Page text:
“We’re gonna be something.” These words echo through the 2018 film “Rafiki,” a film both welcomed to the most prestigious film festival in the world and banned by its home country, Kenya. This week, the GLBT Center is screening the film in correspondence with National Coming Out Day. Directed by Wanuri Kahiu, a prominent Kenyan filmmaker, “Rafiki” is a vibrant picture of young love and homosexuality in a city where prejudice is the norm.
Opening with a sequence of daily life in Kenya’s capital, Nairobi, the film paints a portrait of a bustling, brightly-colored city, with people tending to their shops, dancing and playing games. Kena, the protagonist of the film, skates through the streets, taking in her surroundings and trying to understand her place in it all.
Kena’s life is complicated. Her parents aren’t speaking and her father is running for office, a position which puts her in the public eye. These circumstances make her the subject of all sorts of neighborhood gossip, unwelcome attention for a young woman coming into her own. When Kena meets Ziki, the daughter of her father’s political rival, they have the chance to escape the trappings of daily life and envision an idealized future.
Where Kena is reserved, spending time with male friends that treat her as one of “the guys” while hurling homophobic insults at others, Ziki is fearless and outgoing, inventing new dances with her friends and being unabashedly herself. Even Ziki’s hair becomes a symbol of liveliness: Its candy-colored strands mirroring the brightness of the city.
Kena and Ziki fall in love. To the rest of the world, they are simply one another’s “Rafiki,” Swahili for “friend.” More than friends, though, they go on long dates together — ones where they are so enamored with one another that time cannot keep up. Their mouths become unsynced from the dialogue as they laugh and share their dreams on a secluded rooftop. Intimate scenes are intercut with the moments that precede them, feeling as though everything is happening at once, the way new love so often does.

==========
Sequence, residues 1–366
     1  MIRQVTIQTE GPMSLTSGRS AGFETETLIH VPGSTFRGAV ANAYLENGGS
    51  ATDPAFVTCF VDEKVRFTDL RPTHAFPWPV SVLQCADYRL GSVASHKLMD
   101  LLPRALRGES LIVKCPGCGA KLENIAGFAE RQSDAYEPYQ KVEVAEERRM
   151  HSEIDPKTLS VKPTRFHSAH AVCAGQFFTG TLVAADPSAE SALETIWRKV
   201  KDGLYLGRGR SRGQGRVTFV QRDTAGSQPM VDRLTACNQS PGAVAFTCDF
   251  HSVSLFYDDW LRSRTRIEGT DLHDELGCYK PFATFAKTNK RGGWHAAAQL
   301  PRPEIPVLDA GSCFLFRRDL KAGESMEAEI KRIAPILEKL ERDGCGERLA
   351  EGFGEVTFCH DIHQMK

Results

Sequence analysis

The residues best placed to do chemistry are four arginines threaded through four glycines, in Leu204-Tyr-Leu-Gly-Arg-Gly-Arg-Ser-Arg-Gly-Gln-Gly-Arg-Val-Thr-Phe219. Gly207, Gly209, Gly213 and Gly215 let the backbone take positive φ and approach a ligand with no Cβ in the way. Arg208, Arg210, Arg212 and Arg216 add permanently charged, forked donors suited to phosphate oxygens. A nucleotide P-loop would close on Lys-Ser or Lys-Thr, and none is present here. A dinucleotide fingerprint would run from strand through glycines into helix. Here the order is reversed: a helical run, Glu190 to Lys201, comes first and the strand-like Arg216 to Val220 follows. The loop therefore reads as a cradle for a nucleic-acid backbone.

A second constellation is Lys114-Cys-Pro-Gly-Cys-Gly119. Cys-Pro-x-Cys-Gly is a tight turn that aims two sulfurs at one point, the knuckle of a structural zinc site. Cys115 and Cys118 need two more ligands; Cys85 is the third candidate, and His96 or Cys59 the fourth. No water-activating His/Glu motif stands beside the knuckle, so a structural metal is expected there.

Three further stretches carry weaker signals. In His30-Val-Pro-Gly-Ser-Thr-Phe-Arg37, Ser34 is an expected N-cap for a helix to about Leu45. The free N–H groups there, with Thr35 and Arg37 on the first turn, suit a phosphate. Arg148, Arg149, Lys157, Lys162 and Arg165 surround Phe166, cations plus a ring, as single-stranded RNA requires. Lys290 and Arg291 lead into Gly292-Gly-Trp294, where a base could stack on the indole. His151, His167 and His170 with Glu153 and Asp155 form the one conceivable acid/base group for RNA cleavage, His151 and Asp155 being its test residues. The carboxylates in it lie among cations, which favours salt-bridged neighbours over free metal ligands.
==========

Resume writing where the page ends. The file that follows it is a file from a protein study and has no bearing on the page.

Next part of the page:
Despite the laws against homosexuality in Kenya, the film does not shy away from showing the love its characters share. Their first kiss, washed in the neon and blacklight of a crowded nightclub, is tender and authentic. They don’t run towards each other in the throws of passion, but instead, dare to look one another in the eye, embracing the awkward slowness of a first kiss, of young love, of first love.
“Choose wisely, Kena,” her mother tells her. Kena hopes to be a nurse, while Ziki wants to travel the world, visiting all the countries where they’ve “probably never seen an African.” Kena does have a choice, and one that is central to the film: to be with Ziki, either privately or publicly, or to uphold her parents’ and community’s ideals. Either way, she loses someone she loves.
Geena Washington, the program coordinator for the GLBT Center, felt that this conflict is important to understand from a global perspective.
“Within the Western context, it’s like you’re out and you’re proud and you say you’re gay and you have rainbows and everything like that, and in other parts of the world, it’s not that way,” Washington said. “That doesn’t necessarily mean that folks aren’t out or aren’t proud, but there are very different cultural contexts for the ways in which those things are described and talked about.”
This is certainly the case with “Rafiki.” Being gay in Kenya is illegal, and when the community learns of Kena and Ziki’s relationship, they face harsh violence and humiliation through a public prayer conversion. And yet, the film does not lose its optimism for love and the ability to overcome. Its ending is wholly heartening and, much like the rest of the film, paints Kenya with beautiful light, despite the political nuance of the nation.
At its core, “Rafiki” is a film about what it means to be in love. It is an entirely paradoxical experience — all at once, it is whispered and shouted, exhilarating and deeply terrifying. Though the film is centered in a world that may seem small or unfamiliar to a Western audience, it could not be more ambitious in scale, both visually and emotionally. To watch “Rafiki” is to truly see a labor of love, in its most pure form.